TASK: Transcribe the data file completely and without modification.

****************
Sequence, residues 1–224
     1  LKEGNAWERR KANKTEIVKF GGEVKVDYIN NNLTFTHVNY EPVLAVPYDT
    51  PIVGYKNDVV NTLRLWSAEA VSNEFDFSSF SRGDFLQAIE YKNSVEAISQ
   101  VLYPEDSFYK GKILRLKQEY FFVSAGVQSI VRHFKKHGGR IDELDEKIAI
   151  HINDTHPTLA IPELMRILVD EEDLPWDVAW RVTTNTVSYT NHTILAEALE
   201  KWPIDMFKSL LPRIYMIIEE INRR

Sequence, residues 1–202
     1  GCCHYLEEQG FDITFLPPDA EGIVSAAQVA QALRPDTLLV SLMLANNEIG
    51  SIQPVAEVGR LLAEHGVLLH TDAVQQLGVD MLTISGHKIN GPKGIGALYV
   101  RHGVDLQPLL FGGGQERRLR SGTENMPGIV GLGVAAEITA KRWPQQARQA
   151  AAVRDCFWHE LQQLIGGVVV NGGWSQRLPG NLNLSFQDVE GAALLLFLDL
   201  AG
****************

Sequence, residues 1–224
     1  LKEGNAWERR KANKTEIVKF GGEVKVDYIN NNLTFTHVNY EPVLAVPYDT
    51  PIVGYKNDVV NTLRLWSAEA VSNEFDFSSF SRGDFLQAIE YKNSVEAISQ
   101  VLYPEDSFYK GKILRLKQEY FFVSAGVQSI VRHFKKHGGR IDELDEKIAI
   151  HINDTHPTLA IPELMRILVD EEDLPWDVAW RVTTNTVSYT NHTILAEALE
   201  KWPIDMFKSL LPRIYMIIEE INRR

Sequence, residues 1–202
     1  GCCHYLEEQG FDITFLPPDA EGIVSAAQVA QALRPDTLLV SLMLANNEIG
    51  SIQPVAEVGR LLAEHGVLLH TDAVQQLGVD MLTISGHKIN GPKGIGALYV
   101  RHGVDLQPLL FGGGQERRLR SGTENMPGIV GLGVAAEITA KRWPQQARQA
   151  AAVRDCFWHE LQQLIGGVVV NGGWSQRLPG NLNLSFQDVE GAALLLFLDL
   201  AG